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Agenda

The Global Government Finance Summit addresses some of the biggest challenges facing public sector leaders finance leaders around the world.

The draft discussion topics for the Summit are detailed below.
Each session is a free-flowing discussion between participants, including stimulating presentations from a range of Civil Service leaders.

Thursday 14 October 2021

Welcome

Facilitator: Matt Ross – Editorial Director, Global Government Forum

Thursday 14 October 2021

The big picture: managing economic growth and the public finances

Nearly two years after COVID-19 emerged, civil servants working in finance and economic policy face a broad set of rapidly-evolving challenges. At this first session, national leaders will consider how their economies are changing – and how people’s livelihoods can be protected and enhanced in the post-pandemic world.

Which of the pandemic-driven changes in business sectors and working patterns will endure, reshaping economic activity? How can growth be channelled to address inequality and insecurity, helping to heal the wounds left by COVID-19? How can governments balance the needs of short-term support and long-term investment, protecting workers and businesses today while preparing the ground for faster growth and smaller deficits? And how much breathing space do finance departments have, as public debts climb in an environment of low interest rates? Painting in the backdrop behind the Summit, the session will explore some of the biggest questions facing finance and policy officials.

Thursday 14 October 2021

A broader balance sheet: accounting for the real world

Governments’ policy goals may evolve as administrations change and new challenges arise, but financial accounting and investment appraisal frameworks rarely do. Yet unless metrics and decision-making processes are built around elected leaders’ priorities and solid economic assumptions, their outcomes will never match expectations.

Most public accounting systems, for example, disregard both non-debt liabilities – including the loan guarantees underpinning many countries’ pandemic stimulus packages – and many of government’s intangible assets, such as intellectual property. Public sector investment rules tend to prioritise the ‘multiplier effect’, and end up pumping ever more money into overheated sections of the economy. A narrow focus on GDP as a performance metric may leave populations richer but unhappier. And the exclusion of ‘externalities’ such as pollution from economic metrics sits awkwardly with the growing global commitment to improving environmental sustainability.

In this session, civil service finance leaders will discuss how financial management and assessment systems could be updated – exploring concepts such as ‘public sector net worth’ metrics and ‘wellbeing’ targets, and rethinking investment and accounting rules to reflect today’s challenges and priorities.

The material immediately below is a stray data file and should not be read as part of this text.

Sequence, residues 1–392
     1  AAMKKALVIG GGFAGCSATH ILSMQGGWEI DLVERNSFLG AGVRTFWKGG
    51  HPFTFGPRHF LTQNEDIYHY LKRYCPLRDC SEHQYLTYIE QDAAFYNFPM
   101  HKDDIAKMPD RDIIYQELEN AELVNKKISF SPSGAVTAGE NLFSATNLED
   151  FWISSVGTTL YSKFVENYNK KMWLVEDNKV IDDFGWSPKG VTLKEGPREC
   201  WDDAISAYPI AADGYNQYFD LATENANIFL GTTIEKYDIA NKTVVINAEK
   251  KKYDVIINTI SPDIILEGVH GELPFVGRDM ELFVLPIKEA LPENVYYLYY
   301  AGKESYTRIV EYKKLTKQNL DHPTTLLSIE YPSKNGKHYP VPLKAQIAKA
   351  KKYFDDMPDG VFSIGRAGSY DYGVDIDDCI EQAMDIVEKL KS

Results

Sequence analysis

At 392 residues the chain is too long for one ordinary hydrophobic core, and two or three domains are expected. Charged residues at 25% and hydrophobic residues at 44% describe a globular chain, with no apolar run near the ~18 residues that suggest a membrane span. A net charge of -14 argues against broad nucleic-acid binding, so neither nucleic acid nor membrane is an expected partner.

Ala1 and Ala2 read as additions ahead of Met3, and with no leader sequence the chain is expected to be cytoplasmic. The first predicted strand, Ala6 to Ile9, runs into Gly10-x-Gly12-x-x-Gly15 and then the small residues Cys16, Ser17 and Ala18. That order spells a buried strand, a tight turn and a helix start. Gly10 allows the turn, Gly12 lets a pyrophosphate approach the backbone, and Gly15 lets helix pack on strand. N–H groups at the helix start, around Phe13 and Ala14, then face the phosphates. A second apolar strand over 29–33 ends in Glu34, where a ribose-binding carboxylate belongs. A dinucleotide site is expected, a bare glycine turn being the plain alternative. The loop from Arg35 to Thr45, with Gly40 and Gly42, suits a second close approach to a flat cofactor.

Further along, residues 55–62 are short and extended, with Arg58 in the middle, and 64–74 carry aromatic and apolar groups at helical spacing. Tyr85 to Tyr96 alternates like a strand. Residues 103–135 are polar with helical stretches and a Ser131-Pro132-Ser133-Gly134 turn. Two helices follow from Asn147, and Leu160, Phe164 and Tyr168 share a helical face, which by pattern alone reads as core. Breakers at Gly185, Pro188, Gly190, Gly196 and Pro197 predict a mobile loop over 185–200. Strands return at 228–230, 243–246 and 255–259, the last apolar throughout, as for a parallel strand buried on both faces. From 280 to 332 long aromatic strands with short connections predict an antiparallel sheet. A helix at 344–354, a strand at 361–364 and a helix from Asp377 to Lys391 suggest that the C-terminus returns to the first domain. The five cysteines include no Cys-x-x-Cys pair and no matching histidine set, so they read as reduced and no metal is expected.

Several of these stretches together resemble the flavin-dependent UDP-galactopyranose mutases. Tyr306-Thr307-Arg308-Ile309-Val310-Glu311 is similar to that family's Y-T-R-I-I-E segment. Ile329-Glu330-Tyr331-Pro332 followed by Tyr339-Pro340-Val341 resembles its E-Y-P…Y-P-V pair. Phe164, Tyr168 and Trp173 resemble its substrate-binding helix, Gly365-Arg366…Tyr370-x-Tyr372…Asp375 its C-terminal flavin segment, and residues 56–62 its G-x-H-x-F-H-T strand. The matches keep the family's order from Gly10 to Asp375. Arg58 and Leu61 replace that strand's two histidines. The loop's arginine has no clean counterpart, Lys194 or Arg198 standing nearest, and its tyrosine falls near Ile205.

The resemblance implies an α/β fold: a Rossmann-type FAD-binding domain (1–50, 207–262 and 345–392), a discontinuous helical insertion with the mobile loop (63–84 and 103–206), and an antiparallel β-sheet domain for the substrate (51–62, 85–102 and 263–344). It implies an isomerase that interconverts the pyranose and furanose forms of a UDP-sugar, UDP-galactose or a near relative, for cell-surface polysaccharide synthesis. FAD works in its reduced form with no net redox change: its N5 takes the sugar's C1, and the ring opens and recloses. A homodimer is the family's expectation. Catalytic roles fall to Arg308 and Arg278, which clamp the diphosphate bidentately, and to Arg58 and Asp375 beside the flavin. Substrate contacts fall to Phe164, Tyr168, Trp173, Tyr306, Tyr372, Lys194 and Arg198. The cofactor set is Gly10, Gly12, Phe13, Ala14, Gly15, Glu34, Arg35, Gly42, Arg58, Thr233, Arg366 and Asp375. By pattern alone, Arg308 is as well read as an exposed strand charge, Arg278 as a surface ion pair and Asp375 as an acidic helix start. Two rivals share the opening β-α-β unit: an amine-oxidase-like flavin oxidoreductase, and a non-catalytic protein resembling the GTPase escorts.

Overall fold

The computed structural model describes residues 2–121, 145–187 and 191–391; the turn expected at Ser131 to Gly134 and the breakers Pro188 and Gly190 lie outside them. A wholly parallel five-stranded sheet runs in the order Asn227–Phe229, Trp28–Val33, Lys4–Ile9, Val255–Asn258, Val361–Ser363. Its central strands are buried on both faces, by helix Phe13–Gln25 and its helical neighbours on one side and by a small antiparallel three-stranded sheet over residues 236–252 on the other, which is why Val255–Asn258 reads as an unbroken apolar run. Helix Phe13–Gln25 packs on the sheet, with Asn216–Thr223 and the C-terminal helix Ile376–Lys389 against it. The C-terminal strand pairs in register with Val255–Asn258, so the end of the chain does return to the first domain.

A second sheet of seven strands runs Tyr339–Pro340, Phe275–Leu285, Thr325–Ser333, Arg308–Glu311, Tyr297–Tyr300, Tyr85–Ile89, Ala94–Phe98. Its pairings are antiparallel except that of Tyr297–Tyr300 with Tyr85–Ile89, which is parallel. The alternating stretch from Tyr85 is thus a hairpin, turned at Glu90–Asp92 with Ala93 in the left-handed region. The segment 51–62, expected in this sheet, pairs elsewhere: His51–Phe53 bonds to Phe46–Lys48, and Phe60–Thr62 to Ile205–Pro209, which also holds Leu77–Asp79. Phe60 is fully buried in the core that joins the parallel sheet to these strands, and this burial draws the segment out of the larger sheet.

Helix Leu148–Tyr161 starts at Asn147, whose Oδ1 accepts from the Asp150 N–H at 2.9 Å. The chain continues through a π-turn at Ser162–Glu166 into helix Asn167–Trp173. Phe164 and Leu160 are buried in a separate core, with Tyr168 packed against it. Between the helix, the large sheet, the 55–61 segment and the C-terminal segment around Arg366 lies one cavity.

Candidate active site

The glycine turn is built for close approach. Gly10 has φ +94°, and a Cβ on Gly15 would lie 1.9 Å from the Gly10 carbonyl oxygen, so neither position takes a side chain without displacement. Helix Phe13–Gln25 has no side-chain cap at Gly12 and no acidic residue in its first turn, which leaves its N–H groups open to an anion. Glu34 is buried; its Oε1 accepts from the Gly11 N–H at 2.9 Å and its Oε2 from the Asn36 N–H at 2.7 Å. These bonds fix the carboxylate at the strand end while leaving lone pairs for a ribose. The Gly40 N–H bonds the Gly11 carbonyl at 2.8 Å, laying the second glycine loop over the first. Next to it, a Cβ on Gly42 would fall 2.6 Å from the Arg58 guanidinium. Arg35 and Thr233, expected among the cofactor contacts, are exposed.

Friday 15 October 2021

Threat assessment: matching risk and resources

Set against the huge costs of the pandemic, the money spent on public health and pandemic preparedness in the preceding years looks wholly inadequate. Meanwhile, governments’ investments in preventing and mitigating climate change are regularly dwarfed by the repair bills after extreme weather events. And in social policy, small savings in social services, youth provision and education support can drive up criminal justice spending a few years down the road. Yet governments are not opposed in principle to preventive spending: most intelligence, cyber security and defence spending is intended to minimise the risk of harm in future years.

At this session, finance leaders will explore how best to assess and address financial risks across the policy portfolio. How can treasuries and finance ministries spot and quantify emerging threats? Could budgeting systems be reshaped to better match resources to the dangers countries face? And how can finance professionals prepare themselves to address the economic and financial consequences of risks managed in the first instance by other parts of government? With cheap lending creating some headroom for long-term investments, participants will discuss how to ensure that preventive spending targets the greatest threats.

Friday 15 October 2021

Leading the way in civil service finance

In recent years, many civil services have made good progress in professionalising their finance functions – strengthening staff training, tools and career paths. As a result, traditional workstreams such as spending management and auditing have much improved; but in strategic decision-making, finance leaders still often punch below their weight. Advising senior leaders and business owners on the financial implications and likely efficacy of different policy options, operating models and organisational reforms, finance leaders can add far more value if involved in decision-making processes at a very early stage.

During this session, civil service leaders will discuss how finance expertise can be better integrated into operational and policy planning. They’ll explore the skills, experiences and qualifications that can best equip finance professionals for senior roles. And they’ll consider how systems of recruitment, staff development and performance management should be reformed to create a more effective, valued and influential finance leadership cadre.

Friday 15 October 2021

Summary and thanks

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